More evidence of provocations, repression of Barcelona protests

By Alejandro López
20 June 2011

The demonstration in Barcelona last Wednesday by up to 3,000 protesters outside the Catalán parliament was subjected to a vicious police attack. Now more evidence is emerging of the use of undercover police provocateurs.

The protests were peaceful, seeking to prevent the 2011 budget from being passed by blocking the adjacent streets and not letting the deputies of all political parties from entering and voting. Those involved chanted, “You don’t represent us” at all the deputies, until a few groups of individuals started throwing empty plastic bottles, paint and bananas at the politicians and police.

The police attempted to disperse the crowds with batons and rubber bullets, leaving 21 injured. Five arrests were made. These protesters may face up to five years in prison.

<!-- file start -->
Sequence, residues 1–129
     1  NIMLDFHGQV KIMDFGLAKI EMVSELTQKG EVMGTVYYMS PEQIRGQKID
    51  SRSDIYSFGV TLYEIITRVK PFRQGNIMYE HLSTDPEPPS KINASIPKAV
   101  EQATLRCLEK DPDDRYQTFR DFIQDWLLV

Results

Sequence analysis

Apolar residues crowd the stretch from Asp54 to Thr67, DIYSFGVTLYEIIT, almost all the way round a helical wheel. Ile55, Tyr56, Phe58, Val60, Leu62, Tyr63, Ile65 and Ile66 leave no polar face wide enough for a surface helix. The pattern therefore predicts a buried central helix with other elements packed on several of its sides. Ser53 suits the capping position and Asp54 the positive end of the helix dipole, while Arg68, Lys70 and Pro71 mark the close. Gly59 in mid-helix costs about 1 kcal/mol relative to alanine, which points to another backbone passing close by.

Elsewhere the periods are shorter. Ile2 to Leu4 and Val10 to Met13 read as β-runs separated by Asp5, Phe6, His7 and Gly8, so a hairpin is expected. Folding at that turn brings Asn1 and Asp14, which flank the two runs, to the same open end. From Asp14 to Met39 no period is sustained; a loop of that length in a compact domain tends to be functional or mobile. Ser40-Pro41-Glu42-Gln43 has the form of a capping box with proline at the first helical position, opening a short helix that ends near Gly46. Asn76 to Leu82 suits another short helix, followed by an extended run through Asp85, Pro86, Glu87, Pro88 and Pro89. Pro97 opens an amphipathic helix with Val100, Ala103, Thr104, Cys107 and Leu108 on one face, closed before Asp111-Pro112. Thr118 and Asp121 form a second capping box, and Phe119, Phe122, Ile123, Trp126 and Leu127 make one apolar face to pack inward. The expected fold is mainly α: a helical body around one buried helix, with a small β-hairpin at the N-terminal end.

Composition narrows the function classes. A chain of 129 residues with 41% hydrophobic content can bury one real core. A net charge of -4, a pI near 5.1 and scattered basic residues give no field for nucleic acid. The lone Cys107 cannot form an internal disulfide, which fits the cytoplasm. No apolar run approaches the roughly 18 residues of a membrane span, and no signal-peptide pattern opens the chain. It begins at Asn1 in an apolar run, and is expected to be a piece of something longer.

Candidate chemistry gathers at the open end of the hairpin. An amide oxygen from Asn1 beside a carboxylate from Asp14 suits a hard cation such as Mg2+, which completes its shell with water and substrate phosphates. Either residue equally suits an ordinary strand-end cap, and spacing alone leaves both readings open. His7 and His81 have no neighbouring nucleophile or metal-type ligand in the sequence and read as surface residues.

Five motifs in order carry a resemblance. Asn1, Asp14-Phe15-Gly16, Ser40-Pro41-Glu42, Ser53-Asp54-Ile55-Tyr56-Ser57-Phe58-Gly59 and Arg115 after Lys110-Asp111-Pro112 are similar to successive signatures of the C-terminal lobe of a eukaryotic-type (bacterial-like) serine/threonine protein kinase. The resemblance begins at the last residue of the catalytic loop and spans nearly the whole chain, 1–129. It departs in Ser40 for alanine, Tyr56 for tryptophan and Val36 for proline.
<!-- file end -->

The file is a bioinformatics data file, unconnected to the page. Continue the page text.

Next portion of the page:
The police actions ordered by Catalán Internal Affairs Minister Felip Puig were supported by his counterpart in the central government, Alfredo Rubalcaba, who threatened, “If the demonstrations develop peacefully, we will act prudently. If someone wants to do otherwise, we will be firm.”

Rubalcaba was responsible last December for ordering military intervention against striking air traffic controllers.

Amateur videos posted on YouTube show at least 10 police infiltrators in the demonstration, one with an illegal extended baton. They were identified by the protesters and surrounded until the police came to their rescue and escorted them behind the security lines.